Looking for traditional Irish lamb stew? Want to know about the many different Irish stews available? Read our guide for more information on choosing the right stew for your meal…
Different Types of Traditional Irish Stew
Traditional Irish stew is a hearty and filling dish. The stew includes plenty of potatoes which is Ireland’s staple crop and widely grown throughout the country. Irish stew is the traditional fare of the peasant class, mostly farmers, and originally made from the most readily available ingredients.
Lamb is a popular meat and often used in cooking traditional Irish stew. Onions and parsley are generous ingredients in Irish stew that’s traditionally cooked in a large skillet. In countries where Irish communities have settled, such as the United States, local meat like beef has replaced lamb in the stew. New flavors for traditional stew are created with paprika, spices and chili paste.
Irish stew is often enjoyed with soda bread, a type of Irish bread that’s made from baking soda instead of yeast. On cold, damp days in Ireland, traditional stew in thick broth brought succor in freezing winter. The long simmering stew ensured meats were tender and the sauce was thick, as lamb neckbones and shanks provided the stock.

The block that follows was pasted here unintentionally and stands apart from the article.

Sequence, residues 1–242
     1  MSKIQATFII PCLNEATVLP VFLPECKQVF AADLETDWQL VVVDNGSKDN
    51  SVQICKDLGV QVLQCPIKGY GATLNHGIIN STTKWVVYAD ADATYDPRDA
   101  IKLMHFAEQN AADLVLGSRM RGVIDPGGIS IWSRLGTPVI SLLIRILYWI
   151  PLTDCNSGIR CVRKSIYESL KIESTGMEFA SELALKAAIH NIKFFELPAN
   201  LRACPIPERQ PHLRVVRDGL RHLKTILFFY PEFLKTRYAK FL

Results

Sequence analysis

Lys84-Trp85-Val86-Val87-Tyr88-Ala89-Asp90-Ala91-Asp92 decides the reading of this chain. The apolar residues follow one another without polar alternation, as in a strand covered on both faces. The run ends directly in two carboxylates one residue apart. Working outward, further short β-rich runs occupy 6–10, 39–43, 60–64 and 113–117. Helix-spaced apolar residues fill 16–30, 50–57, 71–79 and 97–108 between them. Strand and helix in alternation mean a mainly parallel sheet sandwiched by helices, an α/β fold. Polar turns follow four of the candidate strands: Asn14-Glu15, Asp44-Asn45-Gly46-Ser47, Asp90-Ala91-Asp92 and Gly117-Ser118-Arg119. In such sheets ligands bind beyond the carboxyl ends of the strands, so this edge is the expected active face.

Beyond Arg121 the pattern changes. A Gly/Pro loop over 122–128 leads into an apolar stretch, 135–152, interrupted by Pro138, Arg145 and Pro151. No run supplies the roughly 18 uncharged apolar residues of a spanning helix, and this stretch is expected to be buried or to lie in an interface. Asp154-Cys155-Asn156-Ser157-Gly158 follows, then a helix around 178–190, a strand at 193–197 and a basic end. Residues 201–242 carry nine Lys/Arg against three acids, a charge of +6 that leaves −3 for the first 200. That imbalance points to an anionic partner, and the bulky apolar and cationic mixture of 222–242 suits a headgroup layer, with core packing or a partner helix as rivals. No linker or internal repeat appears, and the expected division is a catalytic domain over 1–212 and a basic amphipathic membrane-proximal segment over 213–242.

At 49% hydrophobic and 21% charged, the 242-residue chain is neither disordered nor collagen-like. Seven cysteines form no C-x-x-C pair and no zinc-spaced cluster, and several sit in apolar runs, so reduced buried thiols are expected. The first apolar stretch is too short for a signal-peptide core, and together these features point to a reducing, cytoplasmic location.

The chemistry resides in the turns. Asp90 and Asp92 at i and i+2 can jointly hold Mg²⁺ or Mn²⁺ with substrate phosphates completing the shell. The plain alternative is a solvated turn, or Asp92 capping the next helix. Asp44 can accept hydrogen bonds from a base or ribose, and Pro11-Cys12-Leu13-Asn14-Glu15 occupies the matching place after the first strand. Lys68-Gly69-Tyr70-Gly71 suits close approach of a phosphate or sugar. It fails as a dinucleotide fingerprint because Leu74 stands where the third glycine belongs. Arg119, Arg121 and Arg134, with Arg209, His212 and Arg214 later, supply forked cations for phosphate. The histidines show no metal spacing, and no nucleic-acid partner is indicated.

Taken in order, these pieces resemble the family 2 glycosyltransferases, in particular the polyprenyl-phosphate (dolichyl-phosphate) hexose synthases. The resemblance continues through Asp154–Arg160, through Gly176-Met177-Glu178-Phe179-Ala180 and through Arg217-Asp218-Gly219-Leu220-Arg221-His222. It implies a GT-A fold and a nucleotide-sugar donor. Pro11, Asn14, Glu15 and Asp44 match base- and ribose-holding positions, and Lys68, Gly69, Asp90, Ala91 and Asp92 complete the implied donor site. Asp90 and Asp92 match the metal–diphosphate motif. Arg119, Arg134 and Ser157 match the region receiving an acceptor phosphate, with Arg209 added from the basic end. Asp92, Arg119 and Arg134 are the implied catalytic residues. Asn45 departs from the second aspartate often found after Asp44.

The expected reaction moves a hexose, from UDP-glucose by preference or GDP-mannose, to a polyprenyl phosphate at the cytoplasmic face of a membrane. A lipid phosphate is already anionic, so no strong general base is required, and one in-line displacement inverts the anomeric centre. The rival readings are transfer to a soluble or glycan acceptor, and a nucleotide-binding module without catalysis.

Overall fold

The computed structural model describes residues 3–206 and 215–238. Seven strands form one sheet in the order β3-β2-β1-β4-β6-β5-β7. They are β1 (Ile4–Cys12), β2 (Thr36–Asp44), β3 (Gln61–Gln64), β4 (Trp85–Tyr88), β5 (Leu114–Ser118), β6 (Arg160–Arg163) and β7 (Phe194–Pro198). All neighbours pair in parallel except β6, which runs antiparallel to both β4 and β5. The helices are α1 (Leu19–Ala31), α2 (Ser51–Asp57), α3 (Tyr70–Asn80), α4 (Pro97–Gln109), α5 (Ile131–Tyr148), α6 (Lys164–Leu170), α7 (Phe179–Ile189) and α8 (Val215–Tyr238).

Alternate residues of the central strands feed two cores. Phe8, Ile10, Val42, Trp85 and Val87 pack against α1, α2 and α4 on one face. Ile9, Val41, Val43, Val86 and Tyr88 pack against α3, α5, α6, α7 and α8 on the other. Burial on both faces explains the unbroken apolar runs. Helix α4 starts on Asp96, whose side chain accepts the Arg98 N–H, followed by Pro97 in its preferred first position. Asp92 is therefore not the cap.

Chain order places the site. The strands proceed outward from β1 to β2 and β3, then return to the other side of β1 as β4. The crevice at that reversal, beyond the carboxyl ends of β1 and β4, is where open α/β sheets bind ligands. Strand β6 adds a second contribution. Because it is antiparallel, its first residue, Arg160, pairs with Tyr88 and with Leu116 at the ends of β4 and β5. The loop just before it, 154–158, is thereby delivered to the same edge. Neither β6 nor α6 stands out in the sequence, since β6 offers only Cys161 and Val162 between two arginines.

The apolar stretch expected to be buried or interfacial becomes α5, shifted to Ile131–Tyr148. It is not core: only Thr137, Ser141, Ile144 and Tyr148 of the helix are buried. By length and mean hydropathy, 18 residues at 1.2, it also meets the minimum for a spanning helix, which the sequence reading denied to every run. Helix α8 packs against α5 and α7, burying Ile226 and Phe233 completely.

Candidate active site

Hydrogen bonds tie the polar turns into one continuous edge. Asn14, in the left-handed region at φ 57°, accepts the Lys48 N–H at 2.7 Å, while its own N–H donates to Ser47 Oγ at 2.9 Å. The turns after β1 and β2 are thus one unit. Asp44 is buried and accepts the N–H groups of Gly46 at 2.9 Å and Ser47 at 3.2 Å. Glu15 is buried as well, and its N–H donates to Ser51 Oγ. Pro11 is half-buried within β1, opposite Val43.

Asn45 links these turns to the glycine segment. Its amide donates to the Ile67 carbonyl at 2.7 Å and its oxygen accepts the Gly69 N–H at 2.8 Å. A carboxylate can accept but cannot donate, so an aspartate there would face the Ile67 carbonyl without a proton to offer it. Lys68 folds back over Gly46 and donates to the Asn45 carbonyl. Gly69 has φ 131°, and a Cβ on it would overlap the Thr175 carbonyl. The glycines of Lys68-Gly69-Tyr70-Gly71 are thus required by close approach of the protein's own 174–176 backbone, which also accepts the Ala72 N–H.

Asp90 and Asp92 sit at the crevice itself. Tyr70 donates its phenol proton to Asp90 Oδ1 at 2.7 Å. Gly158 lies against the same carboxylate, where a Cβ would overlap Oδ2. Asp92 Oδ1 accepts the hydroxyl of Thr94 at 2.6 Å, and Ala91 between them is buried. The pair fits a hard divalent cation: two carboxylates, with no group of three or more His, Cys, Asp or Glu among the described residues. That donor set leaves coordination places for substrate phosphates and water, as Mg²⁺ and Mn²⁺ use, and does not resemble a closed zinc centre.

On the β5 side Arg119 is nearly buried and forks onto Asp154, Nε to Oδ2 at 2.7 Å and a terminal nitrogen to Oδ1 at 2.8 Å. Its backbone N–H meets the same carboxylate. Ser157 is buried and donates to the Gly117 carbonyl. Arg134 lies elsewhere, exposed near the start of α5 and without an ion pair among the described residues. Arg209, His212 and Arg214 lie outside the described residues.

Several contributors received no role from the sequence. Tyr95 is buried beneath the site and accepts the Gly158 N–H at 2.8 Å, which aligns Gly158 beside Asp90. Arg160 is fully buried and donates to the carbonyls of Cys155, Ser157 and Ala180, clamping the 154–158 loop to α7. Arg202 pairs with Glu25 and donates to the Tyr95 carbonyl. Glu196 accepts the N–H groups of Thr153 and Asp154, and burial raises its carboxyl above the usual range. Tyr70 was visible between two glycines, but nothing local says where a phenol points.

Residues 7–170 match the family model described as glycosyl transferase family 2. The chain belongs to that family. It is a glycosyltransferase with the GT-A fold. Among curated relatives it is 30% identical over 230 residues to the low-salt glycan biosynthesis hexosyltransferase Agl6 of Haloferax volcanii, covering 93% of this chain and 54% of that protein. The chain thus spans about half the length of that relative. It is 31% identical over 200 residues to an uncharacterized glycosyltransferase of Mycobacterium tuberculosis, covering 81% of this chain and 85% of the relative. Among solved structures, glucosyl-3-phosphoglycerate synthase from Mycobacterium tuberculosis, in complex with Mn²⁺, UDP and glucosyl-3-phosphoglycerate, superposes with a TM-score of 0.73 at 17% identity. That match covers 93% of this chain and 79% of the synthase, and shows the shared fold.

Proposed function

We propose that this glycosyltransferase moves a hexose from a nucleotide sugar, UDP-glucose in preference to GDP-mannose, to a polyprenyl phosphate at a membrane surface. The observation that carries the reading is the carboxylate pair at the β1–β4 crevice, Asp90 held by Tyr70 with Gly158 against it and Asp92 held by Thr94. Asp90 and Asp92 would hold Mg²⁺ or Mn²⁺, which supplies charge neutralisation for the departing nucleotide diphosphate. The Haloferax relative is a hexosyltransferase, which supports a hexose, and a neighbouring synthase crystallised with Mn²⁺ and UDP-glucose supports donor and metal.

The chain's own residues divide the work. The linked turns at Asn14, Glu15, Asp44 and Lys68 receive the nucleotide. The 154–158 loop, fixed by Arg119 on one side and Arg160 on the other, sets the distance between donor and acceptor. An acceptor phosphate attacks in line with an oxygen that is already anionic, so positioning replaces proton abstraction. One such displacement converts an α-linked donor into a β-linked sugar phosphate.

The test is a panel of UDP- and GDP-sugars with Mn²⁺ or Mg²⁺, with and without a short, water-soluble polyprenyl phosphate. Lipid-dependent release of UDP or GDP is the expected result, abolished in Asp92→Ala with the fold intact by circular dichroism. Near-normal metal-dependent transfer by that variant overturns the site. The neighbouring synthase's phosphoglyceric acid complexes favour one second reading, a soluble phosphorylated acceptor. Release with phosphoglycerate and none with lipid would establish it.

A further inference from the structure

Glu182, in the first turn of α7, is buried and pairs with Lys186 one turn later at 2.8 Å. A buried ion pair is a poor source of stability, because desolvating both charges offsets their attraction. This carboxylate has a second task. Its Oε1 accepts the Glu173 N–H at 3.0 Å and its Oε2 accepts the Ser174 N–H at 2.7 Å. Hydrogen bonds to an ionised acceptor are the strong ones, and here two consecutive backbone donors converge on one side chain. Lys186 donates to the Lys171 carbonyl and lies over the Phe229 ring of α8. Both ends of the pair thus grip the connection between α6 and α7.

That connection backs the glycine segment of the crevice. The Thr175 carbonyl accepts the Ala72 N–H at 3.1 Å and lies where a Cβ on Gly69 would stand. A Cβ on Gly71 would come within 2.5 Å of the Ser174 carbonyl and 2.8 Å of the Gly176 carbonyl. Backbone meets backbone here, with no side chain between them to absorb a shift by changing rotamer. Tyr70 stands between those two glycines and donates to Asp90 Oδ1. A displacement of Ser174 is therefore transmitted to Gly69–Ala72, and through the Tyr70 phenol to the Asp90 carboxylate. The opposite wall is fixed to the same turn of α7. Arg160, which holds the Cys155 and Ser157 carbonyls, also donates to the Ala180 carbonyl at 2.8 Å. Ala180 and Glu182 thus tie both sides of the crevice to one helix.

Tips to make Thick Irish Stew
When you’re planning to make Irish stew that’s thick and tasty, here are a few tips that will help you on your way:
• Use fresh ingredients. Your Irish stew will taste much better if you cook with fresh vegetables rather than frozen carrots and peas.
• Check seasoning. Depending on the specific flavor of the stew you want to cook, the seasoning should be sprinkled and the stew tasted for right balance.
• Corn flour. Mix the corn flour in water and add to the soup for thickening.
• Herbs and spices. Be sure to put these in towards the end of the cooking process to give your Irish stew a more intense flavor.
Traditional Irish stew is a national favorite in Ireland and in every country with large Irish communities. Staples like potatoes and carrots are the usual vegetables cooked together with lamb or beef meat in a large skillet over a low fire for many hours in a variety of ways for a tasty and nourishing Irish stew.